Ten years ago I was living in Phoenix, Arizona and I was working for a start-up company providing on-line educational programs to troubled youths. I was up early listening to NPR as I was getting ready to head off to work. Arizona doesn't shift time for the Daylight Savings program, so we were only two hours ahead of the East coast. But it was light enough to see the Saguaro cactus and other desert flora and fauna from my condominium windows.

The night before I had just had my weekly phone conversation with my mother and, as usual, we had been talking about the weather and how lovely New England can be in early September. So when I heard that a plane had crashed into the twin towers in New York City, I said to myself, "How can that be? The weather is supposed to be clear today." I went in and turned on the TV, just in time to see the second passenger plane hit the skyscraper.

Everyone who was alert that day probably remembers where they were when they heard the news about what happened on September 11, 2001. I listened to the radio as I drove into work, astounded and disbelieving what I was hearing. Since our company used televisions to prepare the student programs, it was not surprising to arrive and find all the TVs tuned in to various channels for news updates. But what was a surprise is that our vice president was in NYC and had planned to make a pitch to an investment group at the World Trade Center. As there was no cell phone contact by the time we heard about it, we had no idea if he had been in either of the towers at the time of the disasters.

No work got done that day as we all watched events unfolding, and worrying about our VP. Just as the collapse began, our phone rang and it was the VP's wife calling us to let us know that he was fine. He had not gone to the WTC as planned because the fellow he was supposed to meet had called in sick that day with a bad cold and they had rescheduled for the next day. Of course, there never was a "next day," and eventually our VP was able to get back to Arizona, but it took him three weeks and several bus and train connections to do it.

I did not know that I would end up in Colombia almost a decade later, nor did I know that another issue of undocumented aliens would result in over 27 Colombians being added to the list of those who were killed that day because they were working in the restaurants in the towers. Affecting people who were of different nationalities, cultures, religions and persuasions, this horrible event should become a way to remember that we all bleed the color red, and to become a united world in remembering this day.

I have just reading "City of Dust: Illness, Arrogance and 9/11" by Anthony DePalma, a former NY Times reporter, who has done extensive research on the consequential health issues post-9/11. Apparently huge numbers of people who were working in rescue and recovery for weeks after the destruction were not wearing any kind of protective masks to prevent breathing in all the toxic dust. Some of that was due to not having the equipment, some of it was because of the heat and difficulty in communicating with a mask on, and some people were those who were caught unprepared in the first dust storm of pulverized materials with no way to protect their airways. What is clear from this book is that there were people who died on September 11, 2001, murdered in those terrorist events. But there are also people who have died, and those who are still dying, because of failures of the governmental agencies - local and national - to either properly assess or report on dangers of the environment, failures of employers to protect their workers from toxic exposures, failures of the medical community to properly identify symptoms and certainly failures of various investigative committees to pursue logical routes because of political agendas in place.

My purpose in posting about this book is two-fold: even a decade after the horrors of that day, there are emerging health issues related to the event which people should be aware of and not discount, and secondly, one of the emerging health issues is Multiple Myeloma. This from the book: "Mount Sinai reported in 2009 that it had found a higher than expected number of cases of multiple myeloma in responders who were younger than 45."

DePalma, Anthony (2010-07-21). City of Dust: Illness, Arrogance, and 9/11 (FT Press Science) (p. 223). FT Press. Kindle Edition.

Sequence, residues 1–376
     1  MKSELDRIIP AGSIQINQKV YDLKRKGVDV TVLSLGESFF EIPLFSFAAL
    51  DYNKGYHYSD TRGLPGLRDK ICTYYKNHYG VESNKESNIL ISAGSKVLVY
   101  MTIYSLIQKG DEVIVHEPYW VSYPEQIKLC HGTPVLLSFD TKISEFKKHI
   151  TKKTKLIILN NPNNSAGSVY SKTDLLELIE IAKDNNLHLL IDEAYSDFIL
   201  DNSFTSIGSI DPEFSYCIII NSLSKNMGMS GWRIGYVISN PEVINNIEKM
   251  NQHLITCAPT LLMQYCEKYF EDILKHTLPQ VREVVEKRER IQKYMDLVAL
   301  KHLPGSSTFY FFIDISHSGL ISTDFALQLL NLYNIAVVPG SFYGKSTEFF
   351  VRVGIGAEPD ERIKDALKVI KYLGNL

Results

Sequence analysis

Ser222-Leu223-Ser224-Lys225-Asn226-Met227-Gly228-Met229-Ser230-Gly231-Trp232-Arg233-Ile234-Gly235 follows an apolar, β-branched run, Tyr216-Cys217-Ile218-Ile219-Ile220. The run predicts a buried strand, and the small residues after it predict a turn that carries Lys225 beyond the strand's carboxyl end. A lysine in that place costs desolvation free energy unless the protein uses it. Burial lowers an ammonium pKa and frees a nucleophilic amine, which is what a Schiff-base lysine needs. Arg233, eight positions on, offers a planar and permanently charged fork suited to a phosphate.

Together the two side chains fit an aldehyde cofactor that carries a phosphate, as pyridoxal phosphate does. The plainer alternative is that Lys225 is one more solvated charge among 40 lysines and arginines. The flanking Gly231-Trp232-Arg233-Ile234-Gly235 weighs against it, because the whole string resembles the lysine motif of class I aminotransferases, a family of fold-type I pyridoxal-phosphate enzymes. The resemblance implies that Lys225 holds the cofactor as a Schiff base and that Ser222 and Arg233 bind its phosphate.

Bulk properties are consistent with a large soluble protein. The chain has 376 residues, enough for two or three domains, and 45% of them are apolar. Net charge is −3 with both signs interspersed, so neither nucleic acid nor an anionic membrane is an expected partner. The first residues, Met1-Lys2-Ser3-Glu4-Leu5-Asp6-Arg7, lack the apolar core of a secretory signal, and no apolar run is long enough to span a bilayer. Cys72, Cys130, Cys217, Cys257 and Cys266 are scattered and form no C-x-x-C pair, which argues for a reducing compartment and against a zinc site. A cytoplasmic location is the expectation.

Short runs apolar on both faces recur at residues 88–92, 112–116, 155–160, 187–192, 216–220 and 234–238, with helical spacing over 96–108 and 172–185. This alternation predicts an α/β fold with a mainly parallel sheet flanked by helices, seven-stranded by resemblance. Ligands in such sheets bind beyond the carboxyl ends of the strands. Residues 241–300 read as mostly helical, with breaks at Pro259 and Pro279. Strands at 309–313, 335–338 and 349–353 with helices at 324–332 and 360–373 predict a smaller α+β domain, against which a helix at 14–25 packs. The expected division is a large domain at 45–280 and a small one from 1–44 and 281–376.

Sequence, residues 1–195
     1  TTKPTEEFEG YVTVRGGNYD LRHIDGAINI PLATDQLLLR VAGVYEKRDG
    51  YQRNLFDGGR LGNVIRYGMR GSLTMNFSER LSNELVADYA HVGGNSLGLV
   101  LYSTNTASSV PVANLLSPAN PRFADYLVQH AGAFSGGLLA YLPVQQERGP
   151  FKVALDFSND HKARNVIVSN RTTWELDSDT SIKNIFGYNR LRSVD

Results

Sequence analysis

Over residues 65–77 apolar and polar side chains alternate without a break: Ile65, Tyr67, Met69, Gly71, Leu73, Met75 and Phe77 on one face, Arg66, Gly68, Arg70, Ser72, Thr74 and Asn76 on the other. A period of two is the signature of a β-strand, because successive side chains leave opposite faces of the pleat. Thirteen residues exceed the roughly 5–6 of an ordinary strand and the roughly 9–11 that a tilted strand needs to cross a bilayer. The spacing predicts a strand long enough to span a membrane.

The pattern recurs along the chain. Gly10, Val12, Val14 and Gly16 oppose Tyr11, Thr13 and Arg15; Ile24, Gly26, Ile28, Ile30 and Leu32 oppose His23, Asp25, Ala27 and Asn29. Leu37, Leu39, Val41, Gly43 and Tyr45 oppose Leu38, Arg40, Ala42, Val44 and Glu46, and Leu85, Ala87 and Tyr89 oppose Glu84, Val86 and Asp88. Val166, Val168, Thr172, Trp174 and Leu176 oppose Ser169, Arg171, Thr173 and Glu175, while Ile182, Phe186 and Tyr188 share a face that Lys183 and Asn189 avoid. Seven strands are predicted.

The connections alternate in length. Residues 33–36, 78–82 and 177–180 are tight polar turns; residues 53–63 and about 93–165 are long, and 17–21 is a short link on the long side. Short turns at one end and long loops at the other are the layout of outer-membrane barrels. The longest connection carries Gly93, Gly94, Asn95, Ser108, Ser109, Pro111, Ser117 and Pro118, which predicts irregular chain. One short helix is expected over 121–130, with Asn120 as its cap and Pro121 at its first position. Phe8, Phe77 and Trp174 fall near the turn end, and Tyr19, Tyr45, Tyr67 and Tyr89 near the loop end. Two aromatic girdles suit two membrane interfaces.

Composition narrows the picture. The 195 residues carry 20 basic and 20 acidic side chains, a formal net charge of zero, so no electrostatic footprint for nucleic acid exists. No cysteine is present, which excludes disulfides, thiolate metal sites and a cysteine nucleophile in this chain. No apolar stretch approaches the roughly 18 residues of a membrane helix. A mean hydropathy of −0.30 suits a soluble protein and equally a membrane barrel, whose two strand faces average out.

Collaborative effort by two Colombian artists to create
their version of a remembrance of 9/11.
My hope, perhaps wrongly placed, is that it will not take another ten years before those people who have been 'in charge' are willing to look at their culpability, deliberate or accidental, so that the many victims of 9/11 at least are given the medical and financial support they need for whatever time they have left. And finally, that should anyone ever again be caught up in any kind of disaster where the clean air is compromised, they remember to do all they can to protect their lungs on their own because the government will not be your mother and will not take care of you.

Remembering this day ten years ago, my condolences go out to all who have lost someone they cared about as a consequence of 9/11 and I send blessings around the planet to heal what can be healed.

Monday, September 5, 2011

How would you like your beef?

At the corner of the road that leads to the main bus terminal and the street
that has the mini-terminal on it, I found this beef on the hoof, tied to the
lamppost. There are a lot of restaurants in the area.
I have been in San Gil for the past five days taking a free art 'seminar' with this awesome teacher and terrific group of other crazy artists! But on the way back to the mini-bus terminal to head back to Barichara, I saw this lovely bull on the street corner. It seemed so out of place I wondered what the rest of the story was, but didn't have a chance to find out. So all you creative types, write me a short, short story - two sentences!

El Maestro, our art professor, puts the finishing touches
on an acrylic piece that was started by another artist -
their cooperative effort is called "9/11".
Although I didn't understand everything the professor said, I was beginning to catch more and more as the days went by. I missed out on the first three days because I didn't know the course was even happening, but jumped right in on Thursday and was there for all the other days. It forced me to free up and let the colors come out as they wanted to. And I met a lot of nice people as well.

And we were using acrylic which is completely new for me as I have been working in watercolors first and then oils. I can see why lots of artists move over to the acrylic side after this week of experimenting with it.

I've completed the work on the photos for the art show next month and submitted them. I only have one of the oil paintings ready to go, but with two weeks left I am sure I can complete the other one.

Here are the photos I chose (The first two are shots of nature in Barichara, and the second two are shots of local people doing their 'work'):

Barichara at sunset in February (2010)

Flowers at sunset in Barichara (original shows more
cloud detail over the mountains

Local painter at work on casa in Barichara.
Artist at work painting in Barichara

The show is about three weeks away, and I'll report back about it. Thanks for stopping by!